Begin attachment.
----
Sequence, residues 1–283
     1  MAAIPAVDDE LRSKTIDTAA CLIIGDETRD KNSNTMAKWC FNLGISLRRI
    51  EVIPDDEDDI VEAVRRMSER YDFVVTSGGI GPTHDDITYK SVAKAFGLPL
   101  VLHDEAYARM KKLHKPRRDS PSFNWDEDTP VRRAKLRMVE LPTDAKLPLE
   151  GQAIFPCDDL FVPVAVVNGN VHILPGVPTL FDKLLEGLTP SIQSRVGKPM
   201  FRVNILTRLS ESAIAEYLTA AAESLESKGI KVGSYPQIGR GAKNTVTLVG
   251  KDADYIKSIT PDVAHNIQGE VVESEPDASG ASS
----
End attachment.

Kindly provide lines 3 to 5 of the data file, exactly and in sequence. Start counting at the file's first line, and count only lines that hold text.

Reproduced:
    51  EVIPDDEDDI VEAVRRMSER YDFVVTSGGI GPTHDDITYK SVAKAFGLPL
   101  VLHDEAYARM KKLHKPRRDS PSFNWDEDTP VRRAKLRMVE LPTDAKLPLE
   151  GQAIFPCDDL FVPVAVVNGN VHILPGVPTL FDKLLEGLTP SIQSRVGKPM